I’m still unsure myself what the title of my postgraduate dissertation will be – but, at the moment, the most enjoyable part of doing a Masters is having the complete freedom, if not infinite time, to decide. My undergraduate degree was English and History, so this year I was really drawn to research an area of History which would make use of the expertise I’ve gained from both subjects.
I decided to focus on travel and colonisation in the early modern period, in particular how these experiences and themes can be explored in popular culture. So far I’ve been making use of the diverse print sources which survive from this period – including published travel accounts written by those that explored the New World, descriptions that survive of court masques which toyed with contemporary ideas of empire, as well as plays about colonisation, such as The Tempest. These sources appeal to me most because I get to further explore my interests in language and literature; which, I’ll admit, is a relic from my undergraduate study that I’m finding hard to give up.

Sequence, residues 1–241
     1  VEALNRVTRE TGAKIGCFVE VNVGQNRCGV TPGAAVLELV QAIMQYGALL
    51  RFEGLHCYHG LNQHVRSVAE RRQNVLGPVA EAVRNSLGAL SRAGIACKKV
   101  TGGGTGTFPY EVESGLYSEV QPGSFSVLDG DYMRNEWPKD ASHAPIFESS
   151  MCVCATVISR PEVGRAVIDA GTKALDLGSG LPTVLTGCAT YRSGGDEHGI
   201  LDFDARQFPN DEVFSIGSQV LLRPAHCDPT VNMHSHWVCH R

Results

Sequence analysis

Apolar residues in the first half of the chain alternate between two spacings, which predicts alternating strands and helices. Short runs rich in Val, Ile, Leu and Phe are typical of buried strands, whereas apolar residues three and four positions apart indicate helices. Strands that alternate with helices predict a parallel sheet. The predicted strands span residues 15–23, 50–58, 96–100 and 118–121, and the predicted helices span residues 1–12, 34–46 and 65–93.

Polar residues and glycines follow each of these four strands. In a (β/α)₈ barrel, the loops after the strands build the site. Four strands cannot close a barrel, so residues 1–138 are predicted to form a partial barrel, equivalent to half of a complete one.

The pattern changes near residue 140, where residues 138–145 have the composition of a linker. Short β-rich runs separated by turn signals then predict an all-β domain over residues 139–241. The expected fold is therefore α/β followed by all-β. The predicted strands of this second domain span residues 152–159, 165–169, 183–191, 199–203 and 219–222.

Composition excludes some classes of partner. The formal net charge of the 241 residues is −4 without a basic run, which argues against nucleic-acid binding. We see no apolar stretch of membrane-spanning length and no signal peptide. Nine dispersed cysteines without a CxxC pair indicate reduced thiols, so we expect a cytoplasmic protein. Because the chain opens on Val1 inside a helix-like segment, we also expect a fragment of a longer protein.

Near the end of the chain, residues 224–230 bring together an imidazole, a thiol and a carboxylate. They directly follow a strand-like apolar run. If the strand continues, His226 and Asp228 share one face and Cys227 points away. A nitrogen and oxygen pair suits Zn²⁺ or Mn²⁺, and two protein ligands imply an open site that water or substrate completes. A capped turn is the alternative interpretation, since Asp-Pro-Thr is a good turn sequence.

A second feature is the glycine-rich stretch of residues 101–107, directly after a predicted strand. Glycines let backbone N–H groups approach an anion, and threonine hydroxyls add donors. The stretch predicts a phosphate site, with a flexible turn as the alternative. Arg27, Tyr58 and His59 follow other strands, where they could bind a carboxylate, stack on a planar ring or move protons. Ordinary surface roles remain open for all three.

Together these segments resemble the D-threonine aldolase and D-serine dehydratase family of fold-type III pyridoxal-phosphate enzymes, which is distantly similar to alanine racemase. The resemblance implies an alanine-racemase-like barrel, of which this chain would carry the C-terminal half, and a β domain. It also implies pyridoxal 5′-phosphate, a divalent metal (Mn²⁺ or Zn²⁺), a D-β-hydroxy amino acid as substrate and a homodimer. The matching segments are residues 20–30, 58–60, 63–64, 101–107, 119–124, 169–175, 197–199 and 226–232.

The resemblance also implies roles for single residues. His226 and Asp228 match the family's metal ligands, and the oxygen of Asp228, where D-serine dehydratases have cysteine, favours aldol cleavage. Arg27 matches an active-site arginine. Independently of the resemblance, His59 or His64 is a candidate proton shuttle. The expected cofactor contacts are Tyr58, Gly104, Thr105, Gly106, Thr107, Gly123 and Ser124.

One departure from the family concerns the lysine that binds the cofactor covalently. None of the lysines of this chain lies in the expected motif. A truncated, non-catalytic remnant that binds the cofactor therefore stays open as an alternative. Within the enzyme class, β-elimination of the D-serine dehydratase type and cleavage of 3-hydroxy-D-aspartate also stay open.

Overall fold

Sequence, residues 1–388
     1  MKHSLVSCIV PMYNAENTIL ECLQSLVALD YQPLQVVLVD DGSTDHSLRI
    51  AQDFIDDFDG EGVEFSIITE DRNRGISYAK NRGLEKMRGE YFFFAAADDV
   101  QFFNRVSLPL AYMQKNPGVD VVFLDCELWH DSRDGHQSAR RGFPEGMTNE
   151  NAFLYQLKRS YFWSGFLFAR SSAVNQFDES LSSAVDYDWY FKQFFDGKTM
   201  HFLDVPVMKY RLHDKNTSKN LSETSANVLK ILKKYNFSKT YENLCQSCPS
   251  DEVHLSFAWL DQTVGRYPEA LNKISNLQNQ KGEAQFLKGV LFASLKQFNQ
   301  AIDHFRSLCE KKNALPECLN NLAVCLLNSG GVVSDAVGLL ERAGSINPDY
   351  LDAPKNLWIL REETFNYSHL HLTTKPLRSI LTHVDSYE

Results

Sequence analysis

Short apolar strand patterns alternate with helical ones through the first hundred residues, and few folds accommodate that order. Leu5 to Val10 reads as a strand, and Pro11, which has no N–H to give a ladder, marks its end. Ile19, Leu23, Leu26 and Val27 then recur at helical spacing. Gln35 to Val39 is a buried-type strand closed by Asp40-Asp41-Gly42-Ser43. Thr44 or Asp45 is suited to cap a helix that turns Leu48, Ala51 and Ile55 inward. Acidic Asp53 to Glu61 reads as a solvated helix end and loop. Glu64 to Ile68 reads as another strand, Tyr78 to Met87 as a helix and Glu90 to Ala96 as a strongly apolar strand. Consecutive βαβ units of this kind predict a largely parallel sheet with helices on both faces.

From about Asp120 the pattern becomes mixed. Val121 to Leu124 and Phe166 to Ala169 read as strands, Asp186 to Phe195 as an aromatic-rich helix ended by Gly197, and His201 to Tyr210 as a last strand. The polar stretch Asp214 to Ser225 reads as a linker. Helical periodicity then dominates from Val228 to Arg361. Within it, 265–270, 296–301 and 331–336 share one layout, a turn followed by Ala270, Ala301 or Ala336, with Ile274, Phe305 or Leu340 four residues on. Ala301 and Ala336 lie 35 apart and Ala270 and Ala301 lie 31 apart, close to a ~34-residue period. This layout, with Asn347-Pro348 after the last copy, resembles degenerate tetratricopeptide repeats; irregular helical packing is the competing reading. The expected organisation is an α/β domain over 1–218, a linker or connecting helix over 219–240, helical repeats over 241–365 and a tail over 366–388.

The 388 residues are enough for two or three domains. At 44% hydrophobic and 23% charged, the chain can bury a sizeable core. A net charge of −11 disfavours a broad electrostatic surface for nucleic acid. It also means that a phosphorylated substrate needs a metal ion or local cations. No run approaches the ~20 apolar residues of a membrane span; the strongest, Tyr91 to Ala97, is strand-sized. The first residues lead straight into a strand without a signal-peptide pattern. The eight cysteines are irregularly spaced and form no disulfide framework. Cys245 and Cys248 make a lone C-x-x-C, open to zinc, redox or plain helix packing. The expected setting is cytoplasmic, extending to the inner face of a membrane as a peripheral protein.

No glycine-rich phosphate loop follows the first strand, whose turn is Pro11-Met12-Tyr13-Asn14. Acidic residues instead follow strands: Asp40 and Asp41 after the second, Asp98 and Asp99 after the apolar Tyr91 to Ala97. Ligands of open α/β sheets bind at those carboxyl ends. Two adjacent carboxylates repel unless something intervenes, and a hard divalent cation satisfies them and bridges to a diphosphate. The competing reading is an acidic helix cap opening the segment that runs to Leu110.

I’m hoping to conclude my research – though I’m far from this point yet – by making light of the ways that ideas about the New World were transported across Europe, as well as how they were consumed and interpreted by contemporaries. For the moment I’m still doing secondary reading to gain a better understanding of the historiography of this field, and also determine whether there are unanswered questions for me to investigate. A good amount of early modern print sources are available online, but I would love to make a trip to the British Library and Museum in the future to paw over original travel accounts, and perhaps even view objects that were collected by travellers from the New World.